In an effort to respond to the diverse experiences of victims and survivors of sexual violence, services must be individualized to meet the unique needs of each population and/or community. The resources included here present a starting point for considering the various issues that impact the lives of victims and survivors in specific populations.
NOTE: VAWnet staff and consultants are aware of the potential implications of "listing" various populations and communities in finite and discreet categories. We are engaging in ongoing discussion and struggle to fairly present the available materials and to remain accessible to those seeking the information. We also are aware that individuals are dynamic and find themselves in many "categories" at one time or another, and therefore we are attempting to ensure that all materials are cross-listed in as many relevant sections as possible so that the information will be utilized to the fullest of their potential.
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Currently Viewing Results for "Male Victims":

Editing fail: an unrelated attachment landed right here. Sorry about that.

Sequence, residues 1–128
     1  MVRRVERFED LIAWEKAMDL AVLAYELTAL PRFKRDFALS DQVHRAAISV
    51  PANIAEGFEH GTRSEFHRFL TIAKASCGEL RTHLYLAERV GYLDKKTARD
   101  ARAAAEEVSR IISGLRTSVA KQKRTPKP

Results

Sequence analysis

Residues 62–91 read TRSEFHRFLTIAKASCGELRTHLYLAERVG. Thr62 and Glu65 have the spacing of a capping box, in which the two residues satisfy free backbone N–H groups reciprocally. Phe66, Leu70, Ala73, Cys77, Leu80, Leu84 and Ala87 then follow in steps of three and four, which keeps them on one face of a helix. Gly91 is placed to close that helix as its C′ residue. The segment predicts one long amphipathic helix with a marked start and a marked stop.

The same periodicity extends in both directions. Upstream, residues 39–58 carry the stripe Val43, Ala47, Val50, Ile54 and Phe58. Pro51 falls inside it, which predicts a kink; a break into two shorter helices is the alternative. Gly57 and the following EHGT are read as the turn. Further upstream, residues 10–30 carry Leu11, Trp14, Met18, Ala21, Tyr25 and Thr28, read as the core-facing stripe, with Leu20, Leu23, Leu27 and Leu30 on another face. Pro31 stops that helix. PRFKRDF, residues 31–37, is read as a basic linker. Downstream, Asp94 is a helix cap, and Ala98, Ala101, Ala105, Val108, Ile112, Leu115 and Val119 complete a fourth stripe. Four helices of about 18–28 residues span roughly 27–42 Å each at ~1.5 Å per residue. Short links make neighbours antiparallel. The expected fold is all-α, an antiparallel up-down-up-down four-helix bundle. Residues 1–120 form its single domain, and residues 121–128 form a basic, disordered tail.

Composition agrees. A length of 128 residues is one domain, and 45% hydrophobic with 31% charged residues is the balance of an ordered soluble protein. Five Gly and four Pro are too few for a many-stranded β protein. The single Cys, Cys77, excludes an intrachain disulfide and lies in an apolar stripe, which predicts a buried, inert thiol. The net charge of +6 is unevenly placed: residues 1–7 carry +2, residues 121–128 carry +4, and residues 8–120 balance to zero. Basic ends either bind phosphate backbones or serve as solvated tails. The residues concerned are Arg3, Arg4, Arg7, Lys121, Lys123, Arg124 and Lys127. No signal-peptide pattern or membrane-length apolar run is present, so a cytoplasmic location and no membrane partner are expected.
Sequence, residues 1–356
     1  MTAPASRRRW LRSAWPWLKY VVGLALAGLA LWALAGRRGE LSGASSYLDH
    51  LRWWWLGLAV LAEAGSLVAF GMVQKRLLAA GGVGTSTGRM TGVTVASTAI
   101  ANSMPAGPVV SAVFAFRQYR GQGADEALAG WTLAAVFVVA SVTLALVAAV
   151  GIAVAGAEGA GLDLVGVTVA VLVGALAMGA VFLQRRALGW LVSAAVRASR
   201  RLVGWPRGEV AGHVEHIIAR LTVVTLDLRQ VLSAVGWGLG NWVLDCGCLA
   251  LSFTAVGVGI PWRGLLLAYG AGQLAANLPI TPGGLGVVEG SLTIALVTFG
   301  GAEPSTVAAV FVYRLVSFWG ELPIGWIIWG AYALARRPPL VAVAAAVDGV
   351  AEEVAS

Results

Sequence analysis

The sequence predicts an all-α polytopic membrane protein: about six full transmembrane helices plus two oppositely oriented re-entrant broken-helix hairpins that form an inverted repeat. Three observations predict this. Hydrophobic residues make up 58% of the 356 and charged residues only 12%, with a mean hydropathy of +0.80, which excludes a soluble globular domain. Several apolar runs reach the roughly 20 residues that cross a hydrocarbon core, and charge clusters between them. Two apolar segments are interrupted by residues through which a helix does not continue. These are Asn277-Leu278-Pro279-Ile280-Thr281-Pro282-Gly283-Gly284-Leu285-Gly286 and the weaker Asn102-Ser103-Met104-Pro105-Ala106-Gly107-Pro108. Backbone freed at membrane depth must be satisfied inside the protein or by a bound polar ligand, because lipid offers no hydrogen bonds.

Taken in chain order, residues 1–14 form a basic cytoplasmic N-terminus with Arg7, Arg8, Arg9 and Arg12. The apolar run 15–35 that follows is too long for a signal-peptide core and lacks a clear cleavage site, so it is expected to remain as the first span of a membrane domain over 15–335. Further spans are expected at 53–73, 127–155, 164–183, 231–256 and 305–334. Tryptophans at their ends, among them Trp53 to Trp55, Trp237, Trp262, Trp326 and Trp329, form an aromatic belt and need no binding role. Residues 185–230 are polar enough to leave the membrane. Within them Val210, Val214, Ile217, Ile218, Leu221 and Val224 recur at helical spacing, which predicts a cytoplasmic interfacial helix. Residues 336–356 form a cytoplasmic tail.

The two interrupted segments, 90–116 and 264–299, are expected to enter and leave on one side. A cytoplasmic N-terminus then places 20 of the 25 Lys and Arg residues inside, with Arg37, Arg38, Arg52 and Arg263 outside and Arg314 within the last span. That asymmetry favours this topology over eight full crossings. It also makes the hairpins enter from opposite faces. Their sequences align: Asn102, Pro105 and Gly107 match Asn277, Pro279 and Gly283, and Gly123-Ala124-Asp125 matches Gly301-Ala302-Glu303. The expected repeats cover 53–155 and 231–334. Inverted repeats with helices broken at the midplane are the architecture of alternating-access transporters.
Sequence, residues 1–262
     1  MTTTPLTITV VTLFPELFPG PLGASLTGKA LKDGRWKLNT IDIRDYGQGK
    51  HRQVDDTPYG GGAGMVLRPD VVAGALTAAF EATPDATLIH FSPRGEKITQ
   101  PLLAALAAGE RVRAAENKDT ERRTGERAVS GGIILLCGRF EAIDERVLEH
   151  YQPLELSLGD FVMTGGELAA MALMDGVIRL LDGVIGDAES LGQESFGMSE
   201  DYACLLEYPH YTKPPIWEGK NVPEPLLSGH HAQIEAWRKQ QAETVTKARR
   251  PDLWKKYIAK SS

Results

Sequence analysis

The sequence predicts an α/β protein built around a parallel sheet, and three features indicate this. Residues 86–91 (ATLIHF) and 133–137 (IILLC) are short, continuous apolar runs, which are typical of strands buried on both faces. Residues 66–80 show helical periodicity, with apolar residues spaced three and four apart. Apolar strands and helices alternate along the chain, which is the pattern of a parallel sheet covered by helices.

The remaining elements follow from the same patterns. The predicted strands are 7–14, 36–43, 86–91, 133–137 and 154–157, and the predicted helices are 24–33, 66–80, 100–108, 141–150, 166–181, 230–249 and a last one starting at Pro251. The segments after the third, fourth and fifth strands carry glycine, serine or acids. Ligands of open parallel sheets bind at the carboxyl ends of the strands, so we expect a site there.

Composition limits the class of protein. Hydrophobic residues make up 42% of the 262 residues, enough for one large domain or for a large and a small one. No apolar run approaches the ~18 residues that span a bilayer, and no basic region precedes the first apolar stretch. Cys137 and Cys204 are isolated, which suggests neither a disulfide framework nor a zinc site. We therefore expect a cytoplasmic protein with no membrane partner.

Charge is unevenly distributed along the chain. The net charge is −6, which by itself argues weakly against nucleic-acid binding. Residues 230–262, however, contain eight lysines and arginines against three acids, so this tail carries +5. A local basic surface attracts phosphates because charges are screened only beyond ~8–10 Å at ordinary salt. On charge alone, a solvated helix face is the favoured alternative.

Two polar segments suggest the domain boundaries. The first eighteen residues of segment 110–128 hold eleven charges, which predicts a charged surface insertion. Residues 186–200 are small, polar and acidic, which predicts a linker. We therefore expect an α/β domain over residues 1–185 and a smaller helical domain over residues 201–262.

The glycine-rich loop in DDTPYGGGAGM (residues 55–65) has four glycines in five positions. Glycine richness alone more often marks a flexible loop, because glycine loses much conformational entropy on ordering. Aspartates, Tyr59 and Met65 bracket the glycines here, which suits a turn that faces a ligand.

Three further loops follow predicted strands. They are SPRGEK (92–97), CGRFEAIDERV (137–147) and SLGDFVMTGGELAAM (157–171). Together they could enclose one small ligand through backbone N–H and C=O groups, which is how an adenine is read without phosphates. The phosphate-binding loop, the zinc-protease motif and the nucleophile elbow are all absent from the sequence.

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This article discusses the challenges and limitations that male victims of rape have historically faced and some statistics on the prevalence of sexual violence against men. Most men are raped by a person they know.
An article discussing the prevalence of male soldiers assaulted while serving in the military, it discusses the increasing number of soldiers testing positive for Military Sexual Trauma and the rising number of reports in light of recent survey findings and other considerations.
This page provides information on the unique experiences of men who face sexual violence. It discusses some common differences in men’s experiences based on societal expectation and gender roles, which can dictate responses and reactions to disclosures of sexual violence.
The brochure addresses men who are receiving treatment from substance abuse. It talks about some of the feelings that are common for men who start treatment, but how the same feelings may be stronger for men who were abused in childhood.
Authors: Substance Abuse and Mental Health Services Administration
This article discusses the silence of many LGBT advocates about services for men, arguing that GBT male victims are relatively unwelcome/invisible in anti-sexual violence centers. Provides recommendations that agencies can follow to become more inclusive.
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